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Taiwan Tati Cultural and Educational Foundation

Time for a serious discussion

Since taking office, the one thing President Tsai Ing-wen (蔡英文) has been reluctant to do is break the decades-long ambiguity surrounding the “status quo,” the one term that manages to trump the so-called “1992 consensus” in terms of the variety of definitions given to them.

Fortunately, that is expected to change later this year. Democratic Progressive Party (DPP) Chairman Cho Jung-tai (卓榮泰) told the state-owned Central News Agency in an interview that the party plans to introduce a new resolution in September that could offer a clearer definition of the “status quo.”


Hong Kong and Taiwan are different

On Tuesday, three prominent Hong Kong democracy advocates attended a forum at National Chengchi University to share their experiences of living under China’s “one country, two systems” model.

University of Hong Kong law professor Benny Tai (戴耀廷), retired sociologist Chan Kin-man (陳健民) and retired pastor Chu Yiu-ming (朱耀明), known as the “Occupy Central Three,” are facing several years in jail for opposing the Chinese Communist Party’s (CCP) governance of the territory, as they are accused of inciting the 2014 pro-democracy movement.


US, other allies advocate WHO inclusion

WHO officials and staff members prepare for the opening of the World Health Assembly at the European headquarters of the UN in Geneva, Switzerland, on May 21 last year.
Photo: AP

The US, Japan and three other countries have added their support for Taiwan’s inclusion in the WHO at an ongoing meeting of the world body’s executive board in Geneva, Switzerland.


Sovereignty belongs to Taiwanese

It was heartening to see high-ranking officials from the US and the UK publicly countering Beijing’s military threats against Taiwan after Chinese President Xi Jinping (習近平) early this month said that China reserved the right to use force to bring Taiwan into its fold.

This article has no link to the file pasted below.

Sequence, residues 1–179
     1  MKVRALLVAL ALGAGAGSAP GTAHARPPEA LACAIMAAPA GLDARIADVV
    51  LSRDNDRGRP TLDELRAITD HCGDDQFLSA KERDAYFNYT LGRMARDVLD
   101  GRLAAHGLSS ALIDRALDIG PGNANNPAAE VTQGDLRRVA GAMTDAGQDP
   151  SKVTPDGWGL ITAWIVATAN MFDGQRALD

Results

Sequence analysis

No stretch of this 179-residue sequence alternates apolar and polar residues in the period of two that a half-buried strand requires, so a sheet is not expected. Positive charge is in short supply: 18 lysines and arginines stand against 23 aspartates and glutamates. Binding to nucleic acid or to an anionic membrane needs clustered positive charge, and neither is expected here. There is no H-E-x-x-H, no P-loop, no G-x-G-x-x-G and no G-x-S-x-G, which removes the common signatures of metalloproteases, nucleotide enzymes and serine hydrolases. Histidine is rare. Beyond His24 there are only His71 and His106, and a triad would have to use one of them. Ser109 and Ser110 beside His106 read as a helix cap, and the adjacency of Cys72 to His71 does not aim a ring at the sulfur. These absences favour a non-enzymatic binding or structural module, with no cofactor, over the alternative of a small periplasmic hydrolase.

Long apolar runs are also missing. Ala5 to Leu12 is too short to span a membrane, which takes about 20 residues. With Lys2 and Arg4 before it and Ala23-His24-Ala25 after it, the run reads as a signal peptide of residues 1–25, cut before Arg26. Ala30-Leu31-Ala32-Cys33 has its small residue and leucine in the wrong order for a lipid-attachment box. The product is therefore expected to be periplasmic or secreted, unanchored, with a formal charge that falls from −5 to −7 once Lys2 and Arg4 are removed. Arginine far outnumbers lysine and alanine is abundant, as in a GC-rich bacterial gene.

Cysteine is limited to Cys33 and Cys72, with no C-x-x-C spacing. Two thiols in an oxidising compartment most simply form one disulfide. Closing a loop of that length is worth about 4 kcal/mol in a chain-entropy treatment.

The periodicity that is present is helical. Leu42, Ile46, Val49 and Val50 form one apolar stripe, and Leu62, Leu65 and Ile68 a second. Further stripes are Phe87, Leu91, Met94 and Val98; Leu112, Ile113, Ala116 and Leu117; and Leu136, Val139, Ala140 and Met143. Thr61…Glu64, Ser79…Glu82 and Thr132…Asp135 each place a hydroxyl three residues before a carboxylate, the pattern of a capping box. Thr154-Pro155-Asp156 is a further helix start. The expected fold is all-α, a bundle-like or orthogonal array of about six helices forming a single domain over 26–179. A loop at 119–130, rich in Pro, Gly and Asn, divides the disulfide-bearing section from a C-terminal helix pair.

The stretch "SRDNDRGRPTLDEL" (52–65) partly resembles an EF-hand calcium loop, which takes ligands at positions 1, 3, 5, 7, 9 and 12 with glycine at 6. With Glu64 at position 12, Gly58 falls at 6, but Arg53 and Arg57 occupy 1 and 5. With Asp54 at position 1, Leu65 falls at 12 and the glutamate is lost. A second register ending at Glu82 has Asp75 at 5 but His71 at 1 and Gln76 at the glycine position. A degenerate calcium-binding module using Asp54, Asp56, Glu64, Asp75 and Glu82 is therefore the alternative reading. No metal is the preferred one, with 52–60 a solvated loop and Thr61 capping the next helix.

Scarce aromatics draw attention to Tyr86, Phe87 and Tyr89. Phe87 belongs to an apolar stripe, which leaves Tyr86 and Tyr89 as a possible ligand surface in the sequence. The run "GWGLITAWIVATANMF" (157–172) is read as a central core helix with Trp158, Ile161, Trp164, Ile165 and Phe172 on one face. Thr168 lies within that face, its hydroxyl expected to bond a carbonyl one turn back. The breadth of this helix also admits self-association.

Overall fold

Still, the foreign officials, however friendly they might be, missed one crucial point, which the Democratic Progressive Party government unfortunately failed to act on and assert Taiwan’s sovereignty in the international arena.


Slap proves how willing the KMT is to coexist

While Minister of Culture Cheng Li-chiun (鄭麗君) was moving from table to table toasting attendees at a lunar year-end banquet in Taipei on Tuesday last week, veteran entertainer Lisa Cheng (鄭心儀) — also known as Cheng Hui-chung (鄭惠中) — suddenly slapped her in the face.

Lisa Cheng later said that she assaulted the minster for trying to abolish Taipei’s Chiang Kai-shek Memorial Hall.


Blanket ban on Chinese software

The Executive Yuan on Thursday said that new rules would ban public officials from using Chinese software on government-issued phones and computers. The move is aimed at preventing data breaches and coincides with heightened restrictions on government procurements from Chinese tech companies.

It should come as no surprise that Chinese software would be considered a security risk, given Beijing’s demand that the data of users of Chinese software be stored on servers in China.

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A Washington human rights organization is urging Americans to protest the continued imprisonment of former president Chen Shui-bian (陳水扁), whose medical condition is deteriorating.

In a column carried this week by the Huffington Post Web site, Human Rights Action Center founder Jack Healey called on voters to contact their US representatives and senators to press for the release of Chen, who is serving a 20-year prison sentence for corruption, on health grounds.